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Wave Hub secures second client at Hayle offshore test site

By CMChloe  |  Posted: February 24, 2014

Wave Hub secures second client at Hayle offshore test site

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A Finnish utilities company has signed a deal to test renewable energy off the coast of Hayle.

Wave Hub has secured multinational firm Fortum, a company active in wave energy development, to take up a berth at its offshore test facility in St Ives Bay.

The company will take up one of the four berths to deploy full scale wave power converters in real sea conditions.

Fortum’s ambition is to test new and promising wave power technologies in order to develop new renewable energy for the next generation.

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Heli Antila, chief technical officer at Fortum, said: “For Fortum it is important to be able to quickly move forward into actual full scale array testing of wave power converters once they have passed the first stages of evaluation.

“The Wave Hub facility offers a unique opportunity to do this. As the site is consented, constructed and grid connected this significantly reduces the time it takes to get devices into the water. This is as much as plug and play as it will get when it comes to power generation.”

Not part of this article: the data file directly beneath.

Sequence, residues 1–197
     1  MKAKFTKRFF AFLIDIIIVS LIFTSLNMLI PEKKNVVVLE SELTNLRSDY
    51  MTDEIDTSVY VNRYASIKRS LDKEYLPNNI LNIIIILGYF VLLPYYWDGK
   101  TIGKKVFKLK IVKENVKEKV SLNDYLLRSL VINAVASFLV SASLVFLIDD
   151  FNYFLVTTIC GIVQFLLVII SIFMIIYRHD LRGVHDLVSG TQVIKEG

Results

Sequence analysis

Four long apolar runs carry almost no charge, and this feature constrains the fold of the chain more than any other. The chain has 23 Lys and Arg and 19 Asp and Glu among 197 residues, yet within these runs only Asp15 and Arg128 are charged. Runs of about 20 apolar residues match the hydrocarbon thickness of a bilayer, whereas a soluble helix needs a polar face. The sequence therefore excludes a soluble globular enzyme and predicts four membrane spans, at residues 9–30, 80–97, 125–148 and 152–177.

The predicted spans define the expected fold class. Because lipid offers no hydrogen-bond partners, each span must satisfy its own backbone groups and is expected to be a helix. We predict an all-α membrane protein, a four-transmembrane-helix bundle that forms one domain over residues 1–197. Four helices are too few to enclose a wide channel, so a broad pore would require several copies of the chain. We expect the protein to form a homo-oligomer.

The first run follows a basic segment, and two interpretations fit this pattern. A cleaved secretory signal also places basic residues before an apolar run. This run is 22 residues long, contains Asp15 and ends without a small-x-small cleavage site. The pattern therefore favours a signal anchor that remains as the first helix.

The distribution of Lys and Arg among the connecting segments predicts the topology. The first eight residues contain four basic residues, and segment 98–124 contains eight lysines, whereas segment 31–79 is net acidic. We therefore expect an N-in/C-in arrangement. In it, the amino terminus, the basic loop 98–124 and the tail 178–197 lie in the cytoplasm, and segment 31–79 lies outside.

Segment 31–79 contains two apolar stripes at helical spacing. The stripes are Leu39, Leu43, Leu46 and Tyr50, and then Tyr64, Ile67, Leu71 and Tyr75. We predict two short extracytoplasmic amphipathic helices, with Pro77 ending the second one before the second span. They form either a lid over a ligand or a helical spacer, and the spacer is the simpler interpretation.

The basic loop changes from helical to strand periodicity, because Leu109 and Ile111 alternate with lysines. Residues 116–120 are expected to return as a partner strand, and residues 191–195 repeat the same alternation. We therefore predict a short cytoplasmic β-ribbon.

Wave Hub, which is publicly owned by the UK Department for Business, Innovation and Skills, consists of a giant ‘socket’ on the seabed connected to the grid network onshore by an underwater cable. It has consent for wave energy devices to be ‘plugged’ and tested on a scale not seen anywhere before.

Today’s announcement by Fortum follows the news in December that leading UK-based wave energy company Seatricity is to develop a 10MW array over the next two years at the site.

Wave Hub managing director Claire Gibson said: “Wave Hub was designed to provide a crucial link in the development of wave device technology by offering the industry the opportunity for full scale array testing of devices.

“While much of the initial device design and development within the sector has been driven by individual developers, the direct involvement and investment by major utilities companies is likely to play a significant role in realising the potential of wave technology. We are therefore delighted to have one of Europe’s biggest utilities businesses taking a direct interest in the development of wave devices using Wave Hub’s facilities.”

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  • PhilPZ  |  February 25 2014, 10:02AM

    It's good news that another company is joining the Wave Hub project. Using the power of the sea must be the way forward for Cornwall. However, I am amazed that they accepted the floating wind turbine. I can only assume that they had no takers and were getting desperate. The whole Idea was to generate electricity from the swell of the sea, not to stick up another ugly windmill. I suppose it enables them to bypass the planning regulations they would need on land?

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